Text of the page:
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Opinions Sat, 26 Dec 2009

Re: The Church Must Pay Tax Now!!

Yaw Opare-Asamoa

oasamoa@gmail.com

I was not in the least surprised when I saw the ‘headline’. This is not the first time that such a call has been made. It seems to me that anytime we, as a people, run out of ideas we grab for the ‘easy and safe’ targets. The church has always been a target for many people. To some extent I do understand where these people are coming from: the opulence that is displayed by some of these churches put a serious ‘blight’ on the whole gospel business. So when one looks at all the extravagant lifestyles of some of the so-called ministers-of-God, one is tempted to conclude that there is something ‘missing’. In light of the economic situation and the apparent inability of policy-makers to widen the tax brackets the Church then becomes the obvious choice. In choosing the Church to tax, no serious thinking would be required; there would not be any ‘ordinary-man-on-the-street’ cries from those who pretend to care so much about the poor; and there would be popular support for it. No risks to any political fortunes in any future elections.

Some of us have for so long advocated spreading of the tax bracket. We all do recognize the fact that in Ghana, the proportion of those who pay taxes to those who don’t is woefully disproportionate. Basically only those in the formal sector bear the brunt of taxpaying in Ghana. If we are really interested in building a just and equitable society then each of us should be required to put in our fair share. And this has nothing to do with whether one is poor or rich. Taxation could be structured in a way that each pays according to how much each ‘earns’. The question then becomes how does the government ascertain how much is earned by those in the informal sector-farmers, fisherfolk, roadside-tabletop traders etc. That is where the problem has always been and government after government has failed to come up with a workable solution. I guess it is too much work for these government officials to sit down and think through this and provide some ingenious solutions.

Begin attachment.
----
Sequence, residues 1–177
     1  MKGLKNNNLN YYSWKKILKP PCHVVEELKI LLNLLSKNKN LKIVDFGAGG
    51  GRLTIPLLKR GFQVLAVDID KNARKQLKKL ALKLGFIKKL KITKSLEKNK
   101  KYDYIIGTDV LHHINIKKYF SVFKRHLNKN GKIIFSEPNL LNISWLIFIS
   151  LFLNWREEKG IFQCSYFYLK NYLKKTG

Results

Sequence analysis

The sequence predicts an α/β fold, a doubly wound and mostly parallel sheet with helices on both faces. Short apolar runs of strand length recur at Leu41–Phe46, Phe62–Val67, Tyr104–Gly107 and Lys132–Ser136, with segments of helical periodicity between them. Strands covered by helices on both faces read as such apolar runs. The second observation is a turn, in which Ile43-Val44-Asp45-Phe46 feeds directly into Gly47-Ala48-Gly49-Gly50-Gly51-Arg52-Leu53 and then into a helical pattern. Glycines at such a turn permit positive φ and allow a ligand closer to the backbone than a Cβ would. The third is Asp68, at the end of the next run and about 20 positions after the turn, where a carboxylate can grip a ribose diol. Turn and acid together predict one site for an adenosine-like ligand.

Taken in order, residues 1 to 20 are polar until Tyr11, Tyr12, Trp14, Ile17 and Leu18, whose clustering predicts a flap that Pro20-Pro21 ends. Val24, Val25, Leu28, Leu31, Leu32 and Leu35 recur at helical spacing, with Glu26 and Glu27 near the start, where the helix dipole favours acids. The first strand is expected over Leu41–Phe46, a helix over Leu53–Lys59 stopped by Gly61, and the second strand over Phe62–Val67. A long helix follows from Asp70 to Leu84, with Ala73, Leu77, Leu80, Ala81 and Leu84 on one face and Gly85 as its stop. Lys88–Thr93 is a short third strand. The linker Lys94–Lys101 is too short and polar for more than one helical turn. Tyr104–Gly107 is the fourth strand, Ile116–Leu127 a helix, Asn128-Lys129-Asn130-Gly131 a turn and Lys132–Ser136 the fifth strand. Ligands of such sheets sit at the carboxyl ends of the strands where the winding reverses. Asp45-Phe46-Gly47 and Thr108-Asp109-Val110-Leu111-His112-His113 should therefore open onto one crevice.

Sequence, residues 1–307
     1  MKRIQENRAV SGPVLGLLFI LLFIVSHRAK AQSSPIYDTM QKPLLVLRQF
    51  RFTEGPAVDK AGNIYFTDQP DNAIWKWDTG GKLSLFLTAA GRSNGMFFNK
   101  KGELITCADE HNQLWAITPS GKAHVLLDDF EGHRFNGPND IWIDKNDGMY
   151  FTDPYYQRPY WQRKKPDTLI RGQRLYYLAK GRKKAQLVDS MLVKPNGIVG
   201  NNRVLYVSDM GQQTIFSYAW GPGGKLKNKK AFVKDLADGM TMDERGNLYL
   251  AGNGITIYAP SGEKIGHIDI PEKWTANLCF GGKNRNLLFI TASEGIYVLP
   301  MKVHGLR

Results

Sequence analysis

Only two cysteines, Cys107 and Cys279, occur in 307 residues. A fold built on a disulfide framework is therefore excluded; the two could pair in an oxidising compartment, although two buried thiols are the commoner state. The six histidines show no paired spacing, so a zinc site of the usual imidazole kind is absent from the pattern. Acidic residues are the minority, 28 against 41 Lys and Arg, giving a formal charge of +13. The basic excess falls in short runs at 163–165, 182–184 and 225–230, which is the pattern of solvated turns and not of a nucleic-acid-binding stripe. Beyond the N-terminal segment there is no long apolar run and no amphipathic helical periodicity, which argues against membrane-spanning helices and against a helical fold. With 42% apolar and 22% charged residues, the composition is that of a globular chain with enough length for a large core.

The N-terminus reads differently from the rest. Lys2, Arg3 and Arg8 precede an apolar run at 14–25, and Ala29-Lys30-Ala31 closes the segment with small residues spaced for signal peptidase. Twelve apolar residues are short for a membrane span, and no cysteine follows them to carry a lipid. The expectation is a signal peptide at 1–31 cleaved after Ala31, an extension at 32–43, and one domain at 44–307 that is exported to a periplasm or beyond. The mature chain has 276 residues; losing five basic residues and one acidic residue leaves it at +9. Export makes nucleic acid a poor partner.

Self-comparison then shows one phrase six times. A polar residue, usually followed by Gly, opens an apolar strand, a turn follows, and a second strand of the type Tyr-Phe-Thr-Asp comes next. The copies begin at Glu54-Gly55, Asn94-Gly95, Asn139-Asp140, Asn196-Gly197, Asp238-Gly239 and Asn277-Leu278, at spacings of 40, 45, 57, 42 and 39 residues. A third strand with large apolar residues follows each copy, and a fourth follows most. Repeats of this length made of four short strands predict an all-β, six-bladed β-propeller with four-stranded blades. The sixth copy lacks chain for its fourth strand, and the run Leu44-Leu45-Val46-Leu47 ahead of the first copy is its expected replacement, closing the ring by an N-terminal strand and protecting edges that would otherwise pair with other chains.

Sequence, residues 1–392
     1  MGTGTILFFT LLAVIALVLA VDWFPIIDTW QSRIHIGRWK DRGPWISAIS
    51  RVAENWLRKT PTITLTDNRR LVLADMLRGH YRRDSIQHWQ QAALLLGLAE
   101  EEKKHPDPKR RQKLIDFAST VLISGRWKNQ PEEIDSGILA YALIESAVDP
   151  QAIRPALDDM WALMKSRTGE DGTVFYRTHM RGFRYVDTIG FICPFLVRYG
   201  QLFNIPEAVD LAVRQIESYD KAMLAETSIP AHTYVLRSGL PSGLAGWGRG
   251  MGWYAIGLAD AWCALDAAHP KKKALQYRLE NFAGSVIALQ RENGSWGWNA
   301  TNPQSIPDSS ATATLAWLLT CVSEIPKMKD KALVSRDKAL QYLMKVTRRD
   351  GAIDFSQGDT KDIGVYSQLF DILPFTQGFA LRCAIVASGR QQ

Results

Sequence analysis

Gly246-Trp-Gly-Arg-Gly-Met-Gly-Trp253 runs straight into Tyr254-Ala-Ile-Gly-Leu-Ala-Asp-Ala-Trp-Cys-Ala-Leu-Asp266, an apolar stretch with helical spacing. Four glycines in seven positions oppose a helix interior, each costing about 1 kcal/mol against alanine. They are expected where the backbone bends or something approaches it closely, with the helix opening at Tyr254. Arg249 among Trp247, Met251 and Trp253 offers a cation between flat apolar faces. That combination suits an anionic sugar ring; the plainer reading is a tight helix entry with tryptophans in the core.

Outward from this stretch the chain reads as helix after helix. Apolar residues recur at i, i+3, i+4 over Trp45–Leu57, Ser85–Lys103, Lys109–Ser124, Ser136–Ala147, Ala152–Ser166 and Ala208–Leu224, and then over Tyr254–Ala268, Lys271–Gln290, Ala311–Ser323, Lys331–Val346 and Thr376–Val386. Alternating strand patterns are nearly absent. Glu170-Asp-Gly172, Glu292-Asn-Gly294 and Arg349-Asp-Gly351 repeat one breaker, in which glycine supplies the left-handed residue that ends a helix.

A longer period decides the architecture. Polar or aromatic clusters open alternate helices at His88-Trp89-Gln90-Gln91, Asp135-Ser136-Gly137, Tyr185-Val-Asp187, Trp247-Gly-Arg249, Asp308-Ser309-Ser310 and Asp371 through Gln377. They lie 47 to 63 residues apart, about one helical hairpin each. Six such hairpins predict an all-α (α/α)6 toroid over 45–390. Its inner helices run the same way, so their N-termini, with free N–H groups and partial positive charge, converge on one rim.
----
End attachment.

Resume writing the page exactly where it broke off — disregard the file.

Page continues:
The policy to exempt the Church from paying taxes is not unique to Ghana. The rationale has been that the Church provides social services and amenities within their communities and by that contribute to the development of the country. Indeed there are so many practical examples to cite: the schools and hospitals built and run by churches; job and skill training centres and other amenities scattered all over the country. Some churches are into Agriculture, contributing their bit towards food security. I cannot list all the church has done and continues to do on these pages but I know their ‘works’ are evident for all to see.

By the way, is the Church the only religious institution in Ghana? And just how did the writer arrive at his decision? The writer says Churches and their leaders should be made to pay taxes to “validate their presence in national life”. That presupposes that those not paying taxes cannot ‘validate their presence in national life’! And by extrapolation, if one cannot validate one’s presence in national life then one need not be part of national life, to wit better drop dead! Wow! That is an interesting thought. The Church does not need the paying of taxes to validate its presence in national life. The Church’s presence in national life, I believe, is clearly visible and is already validated.

The writer continues thus “We are at a point where we must deal firmly with the Church as one of the ubiquitous institutions that rake in money and play a major role in our national life but deny the State the revenue that it needs to provide social amenities for the citizens.” So suddenly, for some reason the Church is the reason or part of the reason why the State cannot provide social amenities for the citizens? What happened to the culture of corruption that is so much perpetuated by politicians and other public officials who steal millions from the State? What about the misappropriation of funds all over the place? The average Ghanaian seeks all available avenues to dodge paying taxes; the little that does go into the Consolidated Fund also gets squandered by our politicians. This is where the problem lies and not with the Church. The very Church that is being accused of being responsible for the State’s inability to cater for its citizens happens to provide many of these amenities. So how is the Church responsible for that? There are so many towns and villages in this country that would have been without any school at all (at the basic level) were it not for the services that the Church provides. In so many villages around Ghana, the only schools available are Presbyterian, Methodist or Catholic!!

The writer also claims that his decision to target the church is apparently because the church is so “noticeable because of its tendency to attract money into its coffers for which it doesn’t account to the State” Well, in Ghana we do have other religious institutions besides the Church: there are the Mosques and other Islamic organizations; and also the Traditional worshippers and their Fetishes. We do accept, in Ghana, that all these different expressions of religion should be treated equally. If that is the case why is the Church being singled out? I stand corrected but I do believe that the Islamic organizations are also exempted from paying taxes. And I have not heard anywhere that the various Fetishes are required to pay taxes. If that is the case then the Church alone cannot be charged with the task of paying taxes! And what about the Freemasons and the Grand United Order of Oddfellows (popularly known as Lodge)? They are also forms of religious expression, I believe.